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Bush Bash – Off Track Navigation

Like any skill, off-track navigation needs to be practised. If you don't, you start to forget basic concepts and you simply get slow and rusty.

Kerry Adams
Kerry Adamshttps://thebloke.co.nz
A constant learner with an inquisitive mind, Kerry created The Bloke as a way to share what he was learning from the community of experts he found himself surrounded by. Precision Shooter and GunSafe soon followed. Somewhere along the line, he picked up one or two things himself. But don't call him an expert.

Off Track Navigation

Like any skill, off-track navigation needs to be practised. If you don’t, you start to forget basic concepts and you simply get slow and rusty.

It was with this in mind that I thought I would head off into the Waitakeres for some basic off-track navigation practice.

It’s also a great time to test out any new gear you might have – prior to heading away overnight (or longer) where you may need to rely on those items. Better to have them fail when not too far from home, than when you are a day or so into the bush.

Heading into an area with plenty of existing trails is a good way to practise in a relatively safe environment. I am not suggesting you do this with no training at all, but as long as you understand the fundamentals and use the existing tracks as buffers – it’s a great way to push your off-track navigation skills.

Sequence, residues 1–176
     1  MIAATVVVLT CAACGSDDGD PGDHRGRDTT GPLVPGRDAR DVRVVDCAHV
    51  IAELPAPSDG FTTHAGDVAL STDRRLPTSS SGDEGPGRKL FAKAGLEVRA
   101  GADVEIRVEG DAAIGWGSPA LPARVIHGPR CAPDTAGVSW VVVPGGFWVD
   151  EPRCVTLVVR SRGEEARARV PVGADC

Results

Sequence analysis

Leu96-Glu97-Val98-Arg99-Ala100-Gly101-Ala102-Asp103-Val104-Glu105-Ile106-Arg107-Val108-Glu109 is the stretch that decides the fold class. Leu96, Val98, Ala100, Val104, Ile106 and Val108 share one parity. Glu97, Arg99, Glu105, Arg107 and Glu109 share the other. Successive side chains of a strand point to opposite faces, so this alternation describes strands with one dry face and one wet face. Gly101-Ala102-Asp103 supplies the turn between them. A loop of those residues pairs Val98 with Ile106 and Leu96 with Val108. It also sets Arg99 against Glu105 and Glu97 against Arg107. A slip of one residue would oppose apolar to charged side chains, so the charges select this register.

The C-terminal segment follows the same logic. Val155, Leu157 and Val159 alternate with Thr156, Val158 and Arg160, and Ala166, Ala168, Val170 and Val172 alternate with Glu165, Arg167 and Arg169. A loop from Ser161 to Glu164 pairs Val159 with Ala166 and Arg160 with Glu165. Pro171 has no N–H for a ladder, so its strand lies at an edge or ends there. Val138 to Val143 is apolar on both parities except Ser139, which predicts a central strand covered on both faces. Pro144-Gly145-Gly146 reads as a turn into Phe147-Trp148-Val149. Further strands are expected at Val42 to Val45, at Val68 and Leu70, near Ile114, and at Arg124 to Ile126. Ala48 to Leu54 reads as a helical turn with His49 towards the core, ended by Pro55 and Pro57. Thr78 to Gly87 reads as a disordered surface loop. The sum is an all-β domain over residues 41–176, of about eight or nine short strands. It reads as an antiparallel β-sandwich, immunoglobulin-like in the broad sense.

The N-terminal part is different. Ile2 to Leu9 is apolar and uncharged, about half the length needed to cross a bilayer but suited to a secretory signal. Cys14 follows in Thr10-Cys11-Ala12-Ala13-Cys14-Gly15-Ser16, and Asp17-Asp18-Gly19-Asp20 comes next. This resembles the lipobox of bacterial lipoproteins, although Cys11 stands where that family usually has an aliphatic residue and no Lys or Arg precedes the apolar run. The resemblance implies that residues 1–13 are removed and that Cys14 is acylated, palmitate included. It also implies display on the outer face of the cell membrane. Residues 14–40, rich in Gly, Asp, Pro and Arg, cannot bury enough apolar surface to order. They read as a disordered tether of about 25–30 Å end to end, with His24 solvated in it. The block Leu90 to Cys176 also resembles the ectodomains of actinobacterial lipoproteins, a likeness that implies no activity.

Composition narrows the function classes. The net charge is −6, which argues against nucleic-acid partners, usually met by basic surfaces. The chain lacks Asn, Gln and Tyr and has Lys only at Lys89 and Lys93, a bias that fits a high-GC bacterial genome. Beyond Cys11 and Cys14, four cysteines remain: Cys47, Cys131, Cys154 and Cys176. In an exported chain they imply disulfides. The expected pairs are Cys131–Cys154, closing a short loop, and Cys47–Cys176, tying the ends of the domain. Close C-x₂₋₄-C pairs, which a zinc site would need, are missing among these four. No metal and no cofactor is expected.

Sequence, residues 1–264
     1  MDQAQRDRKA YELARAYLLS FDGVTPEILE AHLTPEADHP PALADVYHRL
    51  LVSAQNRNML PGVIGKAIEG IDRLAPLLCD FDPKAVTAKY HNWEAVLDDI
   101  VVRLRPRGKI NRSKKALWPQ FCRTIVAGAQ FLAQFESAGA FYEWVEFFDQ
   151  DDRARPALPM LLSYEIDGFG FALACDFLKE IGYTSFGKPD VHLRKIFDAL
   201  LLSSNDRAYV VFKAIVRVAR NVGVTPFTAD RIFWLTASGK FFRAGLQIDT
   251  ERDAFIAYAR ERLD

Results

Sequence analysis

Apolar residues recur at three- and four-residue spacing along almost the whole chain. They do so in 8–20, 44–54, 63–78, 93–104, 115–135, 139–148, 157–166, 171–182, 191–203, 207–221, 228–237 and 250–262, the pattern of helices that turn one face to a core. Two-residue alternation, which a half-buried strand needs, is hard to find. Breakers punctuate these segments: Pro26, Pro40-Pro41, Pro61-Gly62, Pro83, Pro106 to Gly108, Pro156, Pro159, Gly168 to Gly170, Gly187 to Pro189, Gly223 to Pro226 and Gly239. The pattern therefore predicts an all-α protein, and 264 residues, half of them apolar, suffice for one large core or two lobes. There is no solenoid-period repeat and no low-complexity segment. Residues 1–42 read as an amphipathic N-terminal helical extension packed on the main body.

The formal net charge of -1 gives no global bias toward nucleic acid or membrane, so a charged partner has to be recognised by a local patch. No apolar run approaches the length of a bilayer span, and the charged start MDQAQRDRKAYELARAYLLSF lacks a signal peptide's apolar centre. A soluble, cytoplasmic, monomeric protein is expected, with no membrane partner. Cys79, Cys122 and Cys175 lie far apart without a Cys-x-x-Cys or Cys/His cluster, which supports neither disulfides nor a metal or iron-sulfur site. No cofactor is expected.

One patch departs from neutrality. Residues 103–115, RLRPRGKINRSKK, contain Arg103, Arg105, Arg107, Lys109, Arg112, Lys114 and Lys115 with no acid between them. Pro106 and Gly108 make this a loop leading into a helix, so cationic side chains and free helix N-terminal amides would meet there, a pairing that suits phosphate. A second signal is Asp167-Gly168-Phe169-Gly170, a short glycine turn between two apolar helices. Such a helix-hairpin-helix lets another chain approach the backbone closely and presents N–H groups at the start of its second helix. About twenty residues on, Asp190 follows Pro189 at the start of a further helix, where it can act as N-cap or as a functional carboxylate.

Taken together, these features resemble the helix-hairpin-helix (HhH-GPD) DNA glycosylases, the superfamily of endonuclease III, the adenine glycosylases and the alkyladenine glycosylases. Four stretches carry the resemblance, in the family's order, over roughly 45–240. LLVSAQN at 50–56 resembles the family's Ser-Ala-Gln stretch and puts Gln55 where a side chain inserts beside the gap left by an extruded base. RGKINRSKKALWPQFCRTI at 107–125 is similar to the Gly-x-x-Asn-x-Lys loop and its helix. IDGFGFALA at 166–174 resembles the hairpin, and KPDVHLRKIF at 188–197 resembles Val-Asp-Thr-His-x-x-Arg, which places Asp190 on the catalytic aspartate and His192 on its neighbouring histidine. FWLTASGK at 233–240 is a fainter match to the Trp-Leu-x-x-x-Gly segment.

, Bush Bash – Off Track Navigation

Knowing where you are.

For example – in my case, I wandered up to a point I had been previously with the Deerstalkers during their Navigation Session. I had already plotted the point on the map where I started and the point I was heading too. This section was on track, which I generally travel at 4km/hour on. Add in 1 minute for the 10m ascent, and I had 46.5 minutes predicted time.

If I was a bit fitter (working on it) – I would have been bang on. But I didn’t stop the clock for breathers, so took a little longer than planned. I can live with a 5-minute variance though.

Knowing where you are going

From my known point, I then plotted a path from the track I was on to another – it was a very easy task really – as long as I headed 180 grid – I knew I was going to hit a track – it was really just going to be a matter of how long it would take me, and where I would come out.

Bush bashing can be done several ways – if you need to be super accurate, you can leapfrog from point to point, ensuring you come out bang on where you need to, or, in my case, I only needed a general direction – so while regularly referring to the compass, I essentially took the easiest path. Which still required a few hands and knees crawling at points.

Practise Practise Practise

The day was meant to be a bit of a recovery trip after a particularly gruelling gym session on Friday – I just wanted to get the legs moving again – so was only a couple of hours out in the bush. It all adds up though, and as you become more and more confident in your off-track navigation, you can push further and further out, until one day, you realise you don’t need tracks at all. Have fun!

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